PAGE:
- Dynamic furniture helps modern workplaces stay adaptable to future changes, improve employee productivity and the workplace experience, and reduce real estate costs.
- Empowering employees to adapt the office to suit their needs requires education and a culture of autonomy.
- Ford’s “freedom within a framework” policy is an excellent example of a successful autonomous workplace design policy.
What is dynamic office furniture?
Dynamic office furniture is designed to be used in multiple ways to support employees’ different work needs throughout the day, such as transitioning from solo work to small group collaborations.
Common types of dynamic office furniture include:
- Phone booths - Designed with acoustics in mind, these mini office pods limit noise and distractions and allow employees to take phone calls or do focused work.
- Acoustic walls - These mobile walls are covered in soft material to absorb sound waves, and they also serve as visual barriers to create privacy.
- Mobile workstations - These are essentially desks on casters that can be moved easily. They may offer a power source, monitors, storage space, or other standard desk features.
- Adjustable-height tables - Tables that can be adjusted between standard height, counter height, or bar height give employees more ways to work comfortably while sitting or standing.
Dynamic office furniture solves several challenges modern offices face, such as facilitating hybrid meetings, supporting collaborative work, staying adaptable to meet unforeseen changes, and optimizing square footage to reduce real estate costs.
Create “hackable” neighborhoods for more flexibility
Simply introducing dynamic furniture into the office will improve adaptability, but you can take it even further by creating hackable neighborhoods.
Hackable neighborhoods are groups of dynamic furniture designated for particular teams or functions, such as socializing or holding hybrid meetings.
In each neighborhood, the chairs, tables, smartboards, and other furniture or equipment can be rearranged easily to create the desired level of privacy and division. This flexibility ensures the office supports different styles of individual work as well as larger projects and meetings. Within a single day, a team’s neighborhood could accommodate focused work, informal meetings, cross-team collaboration, presentations, hybrid meetings, and more.
While dynamic furniture and hackable neighborhoods make the office endlessly adaptable and can improve productivity and the employee experience, they do require education and a culture of autonomy to work well.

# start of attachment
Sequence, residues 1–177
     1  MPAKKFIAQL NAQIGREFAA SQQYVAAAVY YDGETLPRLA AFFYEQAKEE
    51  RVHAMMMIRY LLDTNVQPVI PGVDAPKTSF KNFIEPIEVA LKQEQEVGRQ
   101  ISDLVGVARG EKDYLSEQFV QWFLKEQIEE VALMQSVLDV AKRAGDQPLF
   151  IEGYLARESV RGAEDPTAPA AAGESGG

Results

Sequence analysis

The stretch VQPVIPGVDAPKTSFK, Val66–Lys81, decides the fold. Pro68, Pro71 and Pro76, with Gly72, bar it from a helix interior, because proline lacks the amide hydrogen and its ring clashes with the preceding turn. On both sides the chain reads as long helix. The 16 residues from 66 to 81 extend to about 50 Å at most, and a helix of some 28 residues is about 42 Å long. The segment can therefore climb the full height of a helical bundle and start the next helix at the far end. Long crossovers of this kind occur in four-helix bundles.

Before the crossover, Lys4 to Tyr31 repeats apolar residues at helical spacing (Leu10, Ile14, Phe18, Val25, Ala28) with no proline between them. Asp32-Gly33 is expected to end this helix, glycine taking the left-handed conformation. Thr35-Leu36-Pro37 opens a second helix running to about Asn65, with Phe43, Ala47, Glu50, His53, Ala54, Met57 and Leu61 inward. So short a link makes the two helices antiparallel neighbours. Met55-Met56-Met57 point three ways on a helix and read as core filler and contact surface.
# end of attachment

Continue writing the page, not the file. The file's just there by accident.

Autonomy and the successful dynamic office: A look at Ford
An office full of reconfigurable furniture offers amazing potential, but it’s wasted if employees aren’t comfortable changing the space to suit their needs. Global Design & Brand Manager Julia Calabrese shares how Ford tackled this challenge by creating a policy they call “freedom within a framework.”
Each hackable neighborhood at Ford is anchored by collaborative spaces in the center and focused work areas on the perimeter, where there’s less noise and fewer distractions. The main building blocks for every neighborhood are 6’x6’ workstations, which employees can rearrange to build the exact configurations needed for a given task. For example, connecting six workstations creates an extra meeting or collaboration space that can be disassembled into solo work areas when it’s no longer needed.
Nearly all of Ford’s office furniture is dynamic. “We basically put everything on casters,” Calabrese says. This enables employees to make significant changes to a space’s layout without involving facilities management.
"Anything you have within your space, you have the autonomy to move it around and make it work for you," Calabrese says. The “freedom within a framework” policy empowers employees to rearrange spaces to suit their needs at any given moment. This autonomy is what makes or breaks the success of a dynamic workplace.
How to implement an autonomous policy for your dynamic office
Calabrese's detailed coverage of Ford's dynamic workplace policy makes it clear that education is integral to successful autonomous office design. Using the steps below to introduce your dynamic office update can help ensure your furniture investment pays off in terms of employee experience, productivity, and utilization.
- Explain the purpose behind the move to dynamic furniture. If employees understand that this change is to help them make the most of their spaces, they'll feel more confident about personalizing their neighborhoods and individual workstations.
- Highlight useful furniture combinations. Show employees how they can combine the furniture and what type of work each configuration is best for.
- If any furniture is collapsible, adjustable, or can be linked together, demonstrate how to do this. The more employees understand how to maneuver the furniture and what they can do with it, the more likely they'll be to use it.
- Build autonomous workplace design into the company culture by ensuring all levels of leadership demonstrate this policy in their own spaces.
A workforce that’s empowered to adapt their workspaces to suit their changing needs throughout the day is more likely to stay motivated and focused. "We believe it's a combination of policy and place that enables employees to do their best work," Calabrese says.
Hear more about Ford's workplace strategy below: